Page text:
The Return of the Tranches
A tranche, as some of you will recall, is just a fancy word for stratum which, itself, is just a fancy word for a level or layer in a stack of widgets, which is a word economists use in place of “whatever.” Back in the day, I used to assert that the grid would divide itself into rather discreet tranches based upon rider performance and character, or lack thereof in the case of Alvaro Bautista. For the past few seasons it was difficult to discern natural breaks in the standings. Not so after four rounds in 2016:
- Tranche One: Marquez, Lorenzo and Rossi. The crème de la crème.
- Tranche Two: Pedrosa, Pol Espargaro (Tech 3), and Team Suzuki Ecstar, Aleix Espargaro and Maverick Vinales. Vinales figures to jump up sometime in the next year or two.
- Tranche Three: Four Ducati pilots – Hector Barbera, Eugene Laverty, and the two Andreas, plus Tech 3 Yamaha slacker Bradley Smith. Barbera and Laverty are punching above their weight, while Iannone and Dovizioso actually belong in Tranche Two, where they would reside were it not for bad luck (Dovizioso) and oversized testicles (Iannone). Smith, so far this season, is making KTM as nervous as Mike Tyson in a spelling bee about having tapped him for the next two years.
- Tranche Four: Stefan Bradl (Gresini Aprilia), Scott Redding (Pramac Ducati), Bautista (Gresini) and Tito Rabat (Marc VDS Honda). Redding and Rabat are underachieving while heading up; Bradl and Bautista are overachieving while heading down. Imagine how these standings would look had Gigi Dall’Igna stayed at Aprilia.
- Tranche Five: Cal Crutchlow (LCR Honda), Loris Baz (Avintia Ducati), Yonny Hernandez (Avintia) and Jack Miller (Marc VDS). These four just can’t get arrested. Crutchlow, especially, has top ten talent and a world of excuses to go along with his five (5) points for 2016. Baz has potential but must overcome a height problem, a tall order indeed. Yonny appears to have peaked a year or two ago, while Miller really has no business in the premier class at this point in his career.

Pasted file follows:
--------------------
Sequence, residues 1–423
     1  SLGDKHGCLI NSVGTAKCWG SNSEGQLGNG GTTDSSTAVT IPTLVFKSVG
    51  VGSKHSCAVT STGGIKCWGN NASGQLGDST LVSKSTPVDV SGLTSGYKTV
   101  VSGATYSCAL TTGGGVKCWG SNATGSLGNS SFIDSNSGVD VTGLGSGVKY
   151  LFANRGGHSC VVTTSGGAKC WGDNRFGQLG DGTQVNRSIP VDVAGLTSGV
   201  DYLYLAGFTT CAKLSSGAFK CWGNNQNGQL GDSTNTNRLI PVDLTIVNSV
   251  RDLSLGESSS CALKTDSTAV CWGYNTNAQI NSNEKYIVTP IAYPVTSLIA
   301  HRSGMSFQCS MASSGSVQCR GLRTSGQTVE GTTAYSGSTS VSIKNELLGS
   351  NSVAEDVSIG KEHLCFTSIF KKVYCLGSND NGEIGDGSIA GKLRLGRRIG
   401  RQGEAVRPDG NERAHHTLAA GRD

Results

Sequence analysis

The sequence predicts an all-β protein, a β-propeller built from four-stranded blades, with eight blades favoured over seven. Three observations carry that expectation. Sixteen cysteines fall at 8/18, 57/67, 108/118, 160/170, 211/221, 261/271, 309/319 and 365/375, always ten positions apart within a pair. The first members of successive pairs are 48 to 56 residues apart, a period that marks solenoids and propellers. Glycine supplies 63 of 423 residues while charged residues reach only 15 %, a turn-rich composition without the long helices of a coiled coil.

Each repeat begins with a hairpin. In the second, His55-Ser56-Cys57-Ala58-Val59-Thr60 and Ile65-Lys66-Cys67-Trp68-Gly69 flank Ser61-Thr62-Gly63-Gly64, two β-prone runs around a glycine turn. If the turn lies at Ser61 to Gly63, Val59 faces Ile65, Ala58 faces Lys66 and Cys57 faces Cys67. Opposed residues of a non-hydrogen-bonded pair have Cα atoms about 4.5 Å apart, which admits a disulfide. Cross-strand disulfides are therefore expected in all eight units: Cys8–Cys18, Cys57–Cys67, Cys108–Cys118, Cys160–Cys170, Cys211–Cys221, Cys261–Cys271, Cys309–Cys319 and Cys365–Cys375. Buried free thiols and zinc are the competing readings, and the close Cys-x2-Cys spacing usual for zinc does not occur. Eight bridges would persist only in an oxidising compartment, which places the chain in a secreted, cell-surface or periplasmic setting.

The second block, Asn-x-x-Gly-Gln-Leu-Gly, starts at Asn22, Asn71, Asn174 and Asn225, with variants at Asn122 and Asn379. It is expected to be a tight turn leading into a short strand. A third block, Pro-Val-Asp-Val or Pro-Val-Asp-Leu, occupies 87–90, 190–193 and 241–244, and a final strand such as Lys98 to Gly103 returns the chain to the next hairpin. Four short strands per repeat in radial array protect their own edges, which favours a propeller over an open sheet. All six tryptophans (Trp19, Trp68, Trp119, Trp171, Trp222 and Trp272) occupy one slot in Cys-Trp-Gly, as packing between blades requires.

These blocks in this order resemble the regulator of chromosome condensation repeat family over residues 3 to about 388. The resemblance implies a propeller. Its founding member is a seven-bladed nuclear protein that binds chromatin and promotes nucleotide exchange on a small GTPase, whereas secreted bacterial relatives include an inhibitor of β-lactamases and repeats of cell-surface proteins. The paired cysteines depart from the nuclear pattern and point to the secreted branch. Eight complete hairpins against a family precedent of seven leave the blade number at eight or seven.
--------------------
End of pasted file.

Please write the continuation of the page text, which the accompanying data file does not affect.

Pramac Ducati hard luck case Danilo Petrucci is, as yet, untranched, having missed the entire season with injuries. He is slated to return this week and is said to be anxious to claim a spot in Tranche Two. Readers are encouraged to feign outrage over the tranching (?) of their favorite riders in the Comments section below.
What to Expect This Weekend
Wine in cardboard boxes and goatskins. Rain at least one day. Breathtaking brolly girls. Lorenzo and Marquez in a cage match, with Rossi and Pedrosa tangling in the undercard. Dovizioso on the podium if it rains on Sunday. Herve Poncharal playing the “home race” card. Michelin people everywhere, the dopey anachronistic Bib getting seriously outdrawn by the paddock gals.
People riding scooters smoking Gauloises. Heavy security – guys in shorts and Jimmy Buffet t-shirts wearing black steel-toed boots, with machine pistols sticking out of their waistbands. And at least one trio of Brits in those ridiculous head-to-toe Union Jack outfits, drunk out of their gourds, thinking they had bought tickets to a football match in Germany.
As of Monday evening, the weather looks promising, partly cloudy with temps in the 70’s and a slight chance of rain. Rain is forecast for Monday and Tuesday; if it arrives early, Jorge Lorenzo will not win the race. The Rain Gods, currently working overtime in the U.S., have yet to turn their attention to France. If and when they do, anything can happen.
The race goes off early Sunday morning in the states. We’ll have results and analysis right here later in the day.